Disclaimer: This article has been posted for general information purposes only, and discusses Pennsylvania law. You should not act upon the information in this article without first retaining legal counsel.

By Robert C. Gerhard, III, Esquire

The recently decided Commonwealth Court case of Bradford County Manor v. Pennsylvania Department of Human Services[1] illustrates the importance of timely filing an appeal when Medicaid long-term care benefits have been denied. Additionally, this case shows how critical it can be to enter sufficient evidence into the record before the Bureau of Hearing and Appeals in order to support a request for a late appeal, nunc pro tunc.

The normal deadline for appealing a denial of Medicaid long-term care benefits is 30 days after a notice (Form PA-162) has been issued by the County Assistance Office (CAO), but there are exceptions to this general rule which permit late appeals under certain circumstances. In this case, the Commonwealth Court upheld the Bureau of Hearings and Appeals finding that Bradford County Manor’s late appeal was untimely, and found that the grounds for a late appeal, nunc pro tunc, had not been established based on the evidence of record.

Ms. Congdon entered the Bradford County Manor nursing facility on February 8, 2010 suffering dementia, and an application for Medicaid long-term care benefits was filed for her on March 2, 2010. Ms. Congdon’s family was informed by the Pennsylvania Department of Human Services’ caseworker that certain missing documentation was required in order to make a determination regarding eligibility for nursing home Medicaid benefits. That missing verification was supplied in short order, but based on that documentation the County Assistance Office promptly denied long-term care benefits with a written notice dated April 1, 2010 citing “excess resources.”

A second application was filed and that subsequent application was eventually approved. Unfortunately long-term care benefits were only authorized retroactively to January 1, 2011, leaving an unpaid nursing home bill for some period of time between Ms. Congdon’s admission to Bradford County Manor and January 1, 2011 when benefits under the second application were approved.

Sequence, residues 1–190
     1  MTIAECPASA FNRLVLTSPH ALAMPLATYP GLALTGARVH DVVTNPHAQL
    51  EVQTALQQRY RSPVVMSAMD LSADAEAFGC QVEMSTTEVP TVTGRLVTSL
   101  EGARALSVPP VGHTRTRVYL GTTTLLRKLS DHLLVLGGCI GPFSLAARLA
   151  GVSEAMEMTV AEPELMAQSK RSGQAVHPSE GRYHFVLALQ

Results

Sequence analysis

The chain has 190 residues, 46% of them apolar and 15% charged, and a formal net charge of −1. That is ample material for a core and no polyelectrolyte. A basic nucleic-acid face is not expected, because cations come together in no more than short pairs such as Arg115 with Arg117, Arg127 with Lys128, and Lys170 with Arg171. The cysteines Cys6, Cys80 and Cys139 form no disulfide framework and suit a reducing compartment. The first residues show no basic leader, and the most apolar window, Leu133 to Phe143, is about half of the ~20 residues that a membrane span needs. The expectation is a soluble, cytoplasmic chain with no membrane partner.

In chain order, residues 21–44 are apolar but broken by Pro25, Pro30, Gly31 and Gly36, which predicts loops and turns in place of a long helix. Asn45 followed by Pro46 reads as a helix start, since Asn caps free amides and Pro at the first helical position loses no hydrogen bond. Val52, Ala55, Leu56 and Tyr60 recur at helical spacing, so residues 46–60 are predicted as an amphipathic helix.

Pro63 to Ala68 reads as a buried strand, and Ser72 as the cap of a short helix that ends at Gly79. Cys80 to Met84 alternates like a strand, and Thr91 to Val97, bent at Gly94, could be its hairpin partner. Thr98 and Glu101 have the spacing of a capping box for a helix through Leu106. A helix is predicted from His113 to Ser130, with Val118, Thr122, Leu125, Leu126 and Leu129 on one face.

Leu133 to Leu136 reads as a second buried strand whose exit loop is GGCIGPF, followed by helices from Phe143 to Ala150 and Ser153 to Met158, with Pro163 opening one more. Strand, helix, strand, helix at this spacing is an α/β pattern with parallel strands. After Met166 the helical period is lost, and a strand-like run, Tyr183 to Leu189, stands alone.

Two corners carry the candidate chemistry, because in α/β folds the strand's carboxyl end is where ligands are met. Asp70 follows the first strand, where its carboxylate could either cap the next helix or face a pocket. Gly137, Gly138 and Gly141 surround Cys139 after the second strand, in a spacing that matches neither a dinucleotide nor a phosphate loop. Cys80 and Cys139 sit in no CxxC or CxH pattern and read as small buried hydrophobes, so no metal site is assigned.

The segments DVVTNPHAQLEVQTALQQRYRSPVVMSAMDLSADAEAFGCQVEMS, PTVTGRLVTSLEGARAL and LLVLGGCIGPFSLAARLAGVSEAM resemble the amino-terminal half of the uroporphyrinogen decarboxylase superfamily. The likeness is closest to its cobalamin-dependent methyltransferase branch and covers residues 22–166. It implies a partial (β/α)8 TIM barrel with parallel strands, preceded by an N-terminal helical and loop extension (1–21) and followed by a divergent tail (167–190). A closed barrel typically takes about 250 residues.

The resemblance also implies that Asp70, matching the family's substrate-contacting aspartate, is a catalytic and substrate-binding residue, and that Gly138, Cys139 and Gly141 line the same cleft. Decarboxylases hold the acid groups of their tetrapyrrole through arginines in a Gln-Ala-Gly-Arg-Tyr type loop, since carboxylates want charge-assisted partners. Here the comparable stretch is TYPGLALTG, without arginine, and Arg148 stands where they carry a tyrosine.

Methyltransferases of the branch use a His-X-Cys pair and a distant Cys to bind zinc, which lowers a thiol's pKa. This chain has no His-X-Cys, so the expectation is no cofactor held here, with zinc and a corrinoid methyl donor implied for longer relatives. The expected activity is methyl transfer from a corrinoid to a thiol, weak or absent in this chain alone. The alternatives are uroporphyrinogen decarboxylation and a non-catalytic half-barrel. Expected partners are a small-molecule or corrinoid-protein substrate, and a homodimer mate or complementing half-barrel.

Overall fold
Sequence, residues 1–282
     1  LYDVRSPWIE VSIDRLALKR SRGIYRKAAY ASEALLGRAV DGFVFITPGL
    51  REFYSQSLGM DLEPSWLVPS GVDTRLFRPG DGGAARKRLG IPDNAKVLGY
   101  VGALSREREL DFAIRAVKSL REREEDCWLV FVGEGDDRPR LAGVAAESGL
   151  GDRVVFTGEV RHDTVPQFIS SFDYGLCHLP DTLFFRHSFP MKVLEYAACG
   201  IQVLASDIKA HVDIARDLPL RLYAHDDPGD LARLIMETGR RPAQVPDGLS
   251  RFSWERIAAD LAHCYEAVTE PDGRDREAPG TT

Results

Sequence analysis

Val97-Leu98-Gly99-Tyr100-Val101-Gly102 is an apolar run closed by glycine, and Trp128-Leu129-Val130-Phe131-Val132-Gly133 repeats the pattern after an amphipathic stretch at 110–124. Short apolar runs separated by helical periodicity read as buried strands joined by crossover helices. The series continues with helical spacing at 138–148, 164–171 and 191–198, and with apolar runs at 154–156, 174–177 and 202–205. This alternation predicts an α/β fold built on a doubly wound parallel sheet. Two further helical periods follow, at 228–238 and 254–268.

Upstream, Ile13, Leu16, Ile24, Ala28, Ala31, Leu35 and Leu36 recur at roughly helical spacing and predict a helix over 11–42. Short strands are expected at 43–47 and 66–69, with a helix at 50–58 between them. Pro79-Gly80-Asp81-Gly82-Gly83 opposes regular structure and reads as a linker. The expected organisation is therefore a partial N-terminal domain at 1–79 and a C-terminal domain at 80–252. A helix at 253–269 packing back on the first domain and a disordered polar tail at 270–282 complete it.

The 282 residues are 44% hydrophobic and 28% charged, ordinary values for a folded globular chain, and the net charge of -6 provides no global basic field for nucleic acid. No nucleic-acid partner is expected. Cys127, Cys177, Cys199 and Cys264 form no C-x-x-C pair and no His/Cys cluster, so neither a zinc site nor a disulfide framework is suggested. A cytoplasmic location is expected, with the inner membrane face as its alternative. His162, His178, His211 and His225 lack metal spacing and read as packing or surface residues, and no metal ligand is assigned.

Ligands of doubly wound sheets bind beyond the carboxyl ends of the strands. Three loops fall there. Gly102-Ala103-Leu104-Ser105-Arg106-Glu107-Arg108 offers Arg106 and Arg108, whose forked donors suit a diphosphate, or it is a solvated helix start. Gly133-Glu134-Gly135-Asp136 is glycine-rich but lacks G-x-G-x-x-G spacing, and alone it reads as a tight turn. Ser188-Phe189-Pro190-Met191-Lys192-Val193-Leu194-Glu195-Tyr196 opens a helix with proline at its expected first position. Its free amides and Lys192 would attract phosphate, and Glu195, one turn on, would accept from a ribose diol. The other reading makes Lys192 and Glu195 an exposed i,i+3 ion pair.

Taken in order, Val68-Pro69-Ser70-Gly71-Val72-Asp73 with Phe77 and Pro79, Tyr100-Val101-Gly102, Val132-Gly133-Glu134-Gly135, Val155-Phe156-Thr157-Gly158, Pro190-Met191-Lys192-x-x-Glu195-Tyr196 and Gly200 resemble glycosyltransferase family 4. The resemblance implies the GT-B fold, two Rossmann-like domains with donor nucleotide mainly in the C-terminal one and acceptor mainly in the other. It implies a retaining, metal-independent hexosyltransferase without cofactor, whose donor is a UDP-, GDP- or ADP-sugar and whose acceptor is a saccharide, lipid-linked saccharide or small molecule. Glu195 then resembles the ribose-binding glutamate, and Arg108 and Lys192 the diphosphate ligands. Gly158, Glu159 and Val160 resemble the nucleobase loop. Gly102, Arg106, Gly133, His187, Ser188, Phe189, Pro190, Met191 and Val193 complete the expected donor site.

This type of case is referred to by some elder law attorneys as a “gap in coverage case.” Benefits are approved, but not far back enough to cover all that is owed to the nursing home. Medicaid long-term care benefits can only be authorized retroactively to the first day of the third month before the month in which a Medicaid application, Form PA-600L, is filed. With the benefit of hindsight, it would have been important for Ms. Congdon to appeal the denial of benefits under the first application, and not just file a second application.

It can be difficult for applicants and nursing home business offices to discern eligibility, or a quick path to eligibility when faced with a denial of benefits. The rules are complicated, and the financial information needed to make accurate decisions on whether to appeal or re-file is not always immediately available.  We can see now that it would have been preferable for those helping Ms. Congdon to immediately file an appeal of the first denial as a protective measure.

An appeal of the first denial notice was eventually filed on February 25, 2015, almost 5 years after the date of the initial denial notice. There are situations where appeals after the normal 30-day deadline are timely, or can be satisfactorily explained and treated as timely, but a nearly 5-year delay is going to require a solid explanation, and in these late appeal cases the appellant bears a heavy burden of proof.